Regardless of the final figure of a cost per-beehive they reached, it is the methods used to get there that commercial beekeepers can benefit directly from as it helps inform “smart decision making”, Stahlmann-Brown explains.
“Some people are going to look at this and say, ‘this is actually exactly the management regime I would use’, others will see these calculations and say ‘I manage my hives a slightly different way and so those numbers don't appear to apply to me’. However, they can still use those equations to calculate what the ultimate cost of a hive loss would be for their operation. So, it is about really trying to provide not only some additional information for beekeepers, but also a service of sorts, a tool for them to use.”
The paper presents several equations which, upon first glance, might appear convoluted to anyone who hasn’t studied mathematics past high school (and plenty who have!), but Stahlmann-Brown believes any beekeeper intent on plugging in their own numbers should be able to follow along.
“All it is, frankly, is addition, subtraction and multiplication. So, while they might look complicated, they're not intended to be. My hope is that, if you have somebody who's really inspired to work this out for their own operation, they can. We put every number into the paper so they can do the math themselves and refer back to it. I'm hoping that it's not too cumbersome.”
An aspect which may make one of the equations look convoluted to some is the inclusion of an “opportunity cost” factor as it pertains to simply buying a new beehive as opposed to the cost of making up a fresh split from an existing hive. That sort of detail to the study allows for the practical sort of business thinking a commercial beekeeper may need to go through when weighing up their management options.
While Stahlmann-Brown is keen to see beekeepers apply the research’s findings to their own operations, the paper itself stresses the importance of the findings to promoting ongoing research and tapping in to funding.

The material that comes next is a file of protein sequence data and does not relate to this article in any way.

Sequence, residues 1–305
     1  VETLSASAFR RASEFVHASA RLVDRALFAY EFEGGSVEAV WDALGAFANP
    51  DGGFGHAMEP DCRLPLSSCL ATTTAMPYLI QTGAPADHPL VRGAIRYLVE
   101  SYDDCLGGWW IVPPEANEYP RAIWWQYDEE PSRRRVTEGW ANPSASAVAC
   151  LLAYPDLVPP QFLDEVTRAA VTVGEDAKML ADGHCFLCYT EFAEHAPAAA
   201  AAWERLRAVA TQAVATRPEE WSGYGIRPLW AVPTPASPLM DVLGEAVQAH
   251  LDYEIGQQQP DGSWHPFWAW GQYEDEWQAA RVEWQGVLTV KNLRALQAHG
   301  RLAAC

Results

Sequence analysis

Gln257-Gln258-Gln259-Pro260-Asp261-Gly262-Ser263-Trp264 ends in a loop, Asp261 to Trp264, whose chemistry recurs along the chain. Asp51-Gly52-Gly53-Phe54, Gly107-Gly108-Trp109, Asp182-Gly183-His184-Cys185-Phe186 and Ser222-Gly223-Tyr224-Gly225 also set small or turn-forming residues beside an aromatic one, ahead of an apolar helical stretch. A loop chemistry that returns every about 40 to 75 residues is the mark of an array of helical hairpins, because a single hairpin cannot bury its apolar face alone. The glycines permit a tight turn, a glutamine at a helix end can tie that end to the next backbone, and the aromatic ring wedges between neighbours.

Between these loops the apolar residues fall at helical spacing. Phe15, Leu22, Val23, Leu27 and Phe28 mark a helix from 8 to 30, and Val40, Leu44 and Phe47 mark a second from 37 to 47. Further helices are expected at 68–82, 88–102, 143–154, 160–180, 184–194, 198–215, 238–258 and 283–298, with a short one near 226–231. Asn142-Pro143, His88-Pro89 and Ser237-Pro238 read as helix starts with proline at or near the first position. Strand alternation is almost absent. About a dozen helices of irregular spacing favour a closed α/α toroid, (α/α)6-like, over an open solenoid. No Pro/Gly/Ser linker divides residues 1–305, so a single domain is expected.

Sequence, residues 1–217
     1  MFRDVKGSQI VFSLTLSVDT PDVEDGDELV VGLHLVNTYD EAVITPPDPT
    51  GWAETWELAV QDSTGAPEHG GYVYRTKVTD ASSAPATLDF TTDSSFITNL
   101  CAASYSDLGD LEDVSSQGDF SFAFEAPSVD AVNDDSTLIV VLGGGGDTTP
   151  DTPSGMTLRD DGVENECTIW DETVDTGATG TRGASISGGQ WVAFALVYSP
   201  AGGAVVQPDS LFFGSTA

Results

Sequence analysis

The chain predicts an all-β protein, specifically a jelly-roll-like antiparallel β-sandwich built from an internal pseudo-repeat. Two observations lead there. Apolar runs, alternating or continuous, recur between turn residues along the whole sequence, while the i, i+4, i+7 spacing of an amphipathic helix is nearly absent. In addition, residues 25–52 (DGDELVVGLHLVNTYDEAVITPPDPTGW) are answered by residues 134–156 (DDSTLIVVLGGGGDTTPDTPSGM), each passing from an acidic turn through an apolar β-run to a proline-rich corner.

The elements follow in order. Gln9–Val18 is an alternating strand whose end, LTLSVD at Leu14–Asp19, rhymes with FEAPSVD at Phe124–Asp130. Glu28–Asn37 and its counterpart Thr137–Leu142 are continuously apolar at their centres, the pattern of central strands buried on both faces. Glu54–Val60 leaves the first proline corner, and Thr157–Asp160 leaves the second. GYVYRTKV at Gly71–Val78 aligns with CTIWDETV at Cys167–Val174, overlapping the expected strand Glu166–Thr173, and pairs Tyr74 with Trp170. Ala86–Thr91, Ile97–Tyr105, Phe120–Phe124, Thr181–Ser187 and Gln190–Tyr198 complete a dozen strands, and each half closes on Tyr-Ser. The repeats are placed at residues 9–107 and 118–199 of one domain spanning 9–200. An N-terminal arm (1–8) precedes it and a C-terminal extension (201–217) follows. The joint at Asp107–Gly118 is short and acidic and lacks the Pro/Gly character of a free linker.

“We suggest the findings shown in this paper provide the basis of a business case for interested parties to invest in research to address all forms of colony loss and varroa in particular as the investment required can now be compared objectively to the potential long-term monetary gains," it states.
Stahlmann-Brown hopes it can help beekeepers work together too, by putting a value on any positive outcomes from cohesion.
“For 2021 we place losses at costing $24 million. I'm hoping that it will facilitate discussions in the industry, because it is big enough for us that we should be worried about it. So, maybe there's some value to thinking about coordinating varroa management, just as an example. Because if everybody's treating with the same product at the same time, maybe that leads to a better outcome.
“I’m also hoping it leads to discussions among government, frankly, because it's a great big loss.”
According to the New Zealand Colony Loss Survey, to which Stahlmann-Brown is the lead scientist, hive deaths are on the increase (going from 8.37% in 2015 to 13.59% in 2021). So, regardless of whether you agree with the working and research findings of the paper and their assessment of the figurative ‘piece of string’ being $24 million long, the string appears to be growing. How big of a problem that is for individual beekeeping operations, probably got easier to determine with the help of a few equations – even if they might take some ‘figuring’ out.